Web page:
“In there?” She says. “Are you sure? It’s very dark.”
He moves a branch aside to reveal a narrow cutting.
“Oh no miss, it’s not dark at all. Can’t you see the torches along the pathway there?”
His eyes glimmer brightly for a split second. She blinks and takes another look. A flickering line winds through the trees, point after point of little fires lighting the way under the cathedral like branches of beech, ash, hornbeam, and oak. “Come on miss, it’s not far.” And he steps inside.
She shivers slightly in the breeze. The forest does look comforting. It would be nice to escape the chill. She looks around at the silent track, the field of wheat. She feels a mesmeric compulsion to trust this man. Even the low hanging curd-yellow moon seems to be urging her on. He turns around to face her. One of his teeth appears longer than the others. It reflects the light from the flaming torches as he smiles. She thinks it no matter, gathers up her skirts and follows him in.
The forest floor is soft underfoot. Spongy. Spring-loaded. Patches of emerald lichen glow upon the treebark. The light which shines from them as she moves through the trees, seems to follow her like the eyes of a portrait. She asks him about the bridge.
“Water damage miss.” He says, convincingly. “They’ve had to pull up the decking. It won’t be safe to cross there for a few days yet. And what are you doing out so late miss, if you don’t mind me asking? All sorts of characters about at this time. You’re lucky you ran into me when you did.” He doesn’t turn to look at her, but trudges ahead with purpose. She doesn’t see the urgency in his face, nor hear it in his voice.
“I came from the inn.” She explains. “I work there. I live across the river in Cheverton. Have you been?”
“To Cheverton miss? A few times yes.”
She laughs a little.
“No silly, to the inn.”
He slows the pace, allowing her to come closer. Turning to address her from over his left shoulder, to conceal the errant protruding fang on the other side of his face, he tells another plausible lie.
“I’m not from round here miss. I came with the timber gang. They sent me down to light the torches. I’d never been further than the bridge, until today.”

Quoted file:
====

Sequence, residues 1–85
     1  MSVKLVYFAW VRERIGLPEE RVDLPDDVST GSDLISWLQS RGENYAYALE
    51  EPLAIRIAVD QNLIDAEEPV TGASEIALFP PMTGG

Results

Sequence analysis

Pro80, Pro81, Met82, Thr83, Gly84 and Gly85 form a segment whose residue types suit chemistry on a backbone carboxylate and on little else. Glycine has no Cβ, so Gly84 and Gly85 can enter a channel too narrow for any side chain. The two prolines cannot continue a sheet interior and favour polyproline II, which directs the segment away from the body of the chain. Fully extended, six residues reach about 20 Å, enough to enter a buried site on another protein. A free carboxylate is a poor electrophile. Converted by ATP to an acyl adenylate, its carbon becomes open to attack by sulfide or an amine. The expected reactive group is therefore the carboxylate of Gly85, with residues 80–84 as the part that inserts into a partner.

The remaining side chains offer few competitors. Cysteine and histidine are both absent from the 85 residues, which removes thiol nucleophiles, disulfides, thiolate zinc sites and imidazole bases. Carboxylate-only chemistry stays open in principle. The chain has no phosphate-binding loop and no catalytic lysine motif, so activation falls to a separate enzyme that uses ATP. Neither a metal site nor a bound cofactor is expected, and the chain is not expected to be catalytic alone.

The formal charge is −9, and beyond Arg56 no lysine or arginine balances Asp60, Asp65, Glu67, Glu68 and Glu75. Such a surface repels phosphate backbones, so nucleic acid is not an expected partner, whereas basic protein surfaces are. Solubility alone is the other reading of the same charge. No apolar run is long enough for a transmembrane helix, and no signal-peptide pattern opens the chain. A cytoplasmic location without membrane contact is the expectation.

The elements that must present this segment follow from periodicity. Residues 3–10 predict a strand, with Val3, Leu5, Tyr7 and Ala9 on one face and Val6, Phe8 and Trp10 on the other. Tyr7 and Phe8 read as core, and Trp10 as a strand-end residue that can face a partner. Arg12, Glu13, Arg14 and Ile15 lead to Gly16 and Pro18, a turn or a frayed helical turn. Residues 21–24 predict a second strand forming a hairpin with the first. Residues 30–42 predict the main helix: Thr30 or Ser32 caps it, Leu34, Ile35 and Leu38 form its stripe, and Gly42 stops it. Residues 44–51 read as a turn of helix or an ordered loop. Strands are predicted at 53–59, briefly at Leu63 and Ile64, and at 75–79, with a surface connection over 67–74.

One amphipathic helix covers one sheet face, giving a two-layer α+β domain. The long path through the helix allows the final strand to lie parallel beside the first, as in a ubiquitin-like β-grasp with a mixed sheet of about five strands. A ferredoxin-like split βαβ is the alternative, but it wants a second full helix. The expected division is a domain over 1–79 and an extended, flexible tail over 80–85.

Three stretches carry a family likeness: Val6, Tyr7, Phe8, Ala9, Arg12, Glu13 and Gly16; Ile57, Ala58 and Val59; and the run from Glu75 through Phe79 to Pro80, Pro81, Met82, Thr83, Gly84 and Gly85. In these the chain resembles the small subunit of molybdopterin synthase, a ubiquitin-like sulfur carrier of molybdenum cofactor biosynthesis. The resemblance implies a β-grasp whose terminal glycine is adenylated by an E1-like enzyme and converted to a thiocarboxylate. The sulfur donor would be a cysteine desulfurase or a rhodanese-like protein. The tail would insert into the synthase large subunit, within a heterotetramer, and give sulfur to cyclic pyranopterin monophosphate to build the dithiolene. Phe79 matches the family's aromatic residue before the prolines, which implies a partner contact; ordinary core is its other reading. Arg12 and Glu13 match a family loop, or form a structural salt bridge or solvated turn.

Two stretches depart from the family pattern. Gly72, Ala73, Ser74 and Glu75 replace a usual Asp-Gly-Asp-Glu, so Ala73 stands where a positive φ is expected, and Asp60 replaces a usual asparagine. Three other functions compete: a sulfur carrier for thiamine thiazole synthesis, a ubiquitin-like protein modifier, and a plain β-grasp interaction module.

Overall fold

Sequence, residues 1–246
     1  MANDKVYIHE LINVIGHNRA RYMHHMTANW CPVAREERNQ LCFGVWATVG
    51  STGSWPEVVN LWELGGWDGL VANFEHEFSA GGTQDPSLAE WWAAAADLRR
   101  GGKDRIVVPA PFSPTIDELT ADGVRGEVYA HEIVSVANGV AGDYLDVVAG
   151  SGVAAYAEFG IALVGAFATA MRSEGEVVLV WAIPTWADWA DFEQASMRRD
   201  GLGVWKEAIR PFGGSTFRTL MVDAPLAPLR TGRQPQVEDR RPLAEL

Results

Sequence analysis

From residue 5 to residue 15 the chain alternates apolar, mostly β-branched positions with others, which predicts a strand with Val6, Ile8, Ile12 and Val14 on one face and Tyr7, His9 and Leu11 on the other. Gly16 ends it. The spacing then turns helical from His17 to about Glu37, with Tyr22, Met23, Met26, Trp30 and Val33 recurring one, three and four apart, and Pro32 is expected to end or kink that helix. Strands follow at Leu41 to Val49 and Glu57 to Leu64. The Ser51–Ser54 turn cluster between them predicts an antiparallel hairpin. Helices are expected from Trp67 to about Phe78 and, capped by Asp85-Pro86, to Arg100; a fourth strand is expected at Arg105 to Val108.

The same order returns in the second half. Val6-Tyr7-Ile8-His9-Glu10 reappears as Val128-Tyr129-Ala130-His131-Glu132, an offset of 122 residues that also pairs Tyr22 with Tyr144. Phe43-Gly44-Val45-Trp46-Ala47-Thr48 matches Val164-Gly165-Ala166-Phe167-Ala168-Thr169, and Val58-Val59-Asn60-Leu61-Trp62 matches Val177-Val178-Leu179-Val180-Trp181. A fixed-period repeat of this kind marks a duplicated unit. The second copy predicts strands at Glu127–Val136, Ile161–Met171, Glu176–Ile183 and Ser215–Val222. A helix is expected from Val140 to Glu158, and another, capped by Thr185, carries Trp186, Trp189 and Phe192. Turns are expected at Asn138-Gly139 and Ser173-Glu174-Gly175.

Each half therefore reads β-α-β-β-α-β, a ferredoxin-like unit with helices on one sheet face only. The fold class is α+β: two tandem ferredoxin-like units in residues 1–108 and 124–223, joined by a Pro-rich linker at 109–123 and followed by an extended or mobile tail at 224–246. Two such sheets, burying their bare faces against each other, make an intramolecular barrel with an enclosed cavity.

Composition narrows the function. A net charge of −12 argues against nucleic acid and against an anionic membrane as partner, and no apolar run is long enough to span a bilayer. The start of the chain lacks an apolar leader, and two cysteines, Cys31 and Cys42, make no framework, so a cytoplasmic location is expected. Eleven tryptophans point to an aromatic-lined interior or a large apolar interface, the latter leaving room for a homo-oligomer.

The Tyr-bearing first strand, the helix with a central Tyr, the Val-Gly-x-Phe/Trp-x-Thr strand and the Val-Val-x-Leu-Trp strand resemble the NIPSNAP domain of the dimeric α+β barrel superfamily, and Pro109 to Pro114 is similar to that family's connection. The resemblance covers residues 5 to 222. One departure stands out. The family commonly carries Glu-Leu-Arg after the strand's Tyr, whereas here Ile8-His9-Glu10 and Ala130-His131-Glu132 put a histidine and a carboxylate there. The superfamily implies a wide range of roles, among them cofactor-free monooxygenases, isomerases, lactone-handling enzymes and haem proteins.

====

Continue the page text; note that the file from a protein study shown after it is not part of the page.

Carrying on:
“Well it’s a lovely little old place” she says, as if remembering a dream she had. “It’s called the Fox and Goose.”
He smiles under his disguise, then catches himself. A pitying thought runs across his mind.
“Yes, you poor thing…And you’re the goose.”
“Just one more…”
That insistent whisper. He hears it everywhere. He hears it in the windswept canopy, as the branches ache and stroke against each other. He hears it with every tread of paw digging into the moss. Hears it in the worming ivy. It’s in his breath, his skin, his teeth. He feels it. The forest is calling him, reminding him, “come on.., come on..”
“Come on miss,” he says, “we haven’t got much time…”
But she’s stopped, sat with her back against the trunk of a tree, one leg bent, foot in hand.
“There’s a stone in my shoe…”
The word “shoe” works like a trigger. She wakes, momentarily from her hypnosis, enough to look down at his feet, his shoes, but he isn’t wearing any shoes. Those feet, they look like animals paws, don’t they? Like a dogs paws. Is that the white tip of a claw glinting in the torchlight? She looks up at him, the silhouette of his round face against the tingling procession of fires. In a snap, in a blink, his face morphs into something snoutish and doglike, with a snort of breath, and violent, blood red eyes. She’s about to see him. She’s going to scream, so with an invisible flicker the vision is gone, this dream, and he’s helping her up with his strong arms and boyish smile. What she says next surprises them both.
“Where are your shoes?”
“Excuse me miss?”
“Where are your shoes?” She repeats, although she doesn’t quite know why. It feels like the echo of a memory.
He motions for her to look down at his feet. A pair of leather straights with tarnished buckles which her eyes can barely detect in the murk.
“I’m sorry” she says, shaking her head, “for a moment there I could have sworn you had… oh never mind, it’s silly..”
He doesn’t speak. He’s unsure how many more illusions he can perform. It’s becoming harder for him to hold his form in her mind. He mustn’t break out too soon; must maintain the illusion for just another minute or so. He holds out his arm for her to take, and leads her off along the little path, with its little torches fluttering the odd spark or two into the air. Sometimes his eyes follow those tiny orange dots up through gaps in the trees, catching brief snaps of the big yellow moon, which has presided ambivalently over his reluctant proceedings all too often, but soon it will be over. Just one more, this one, this time.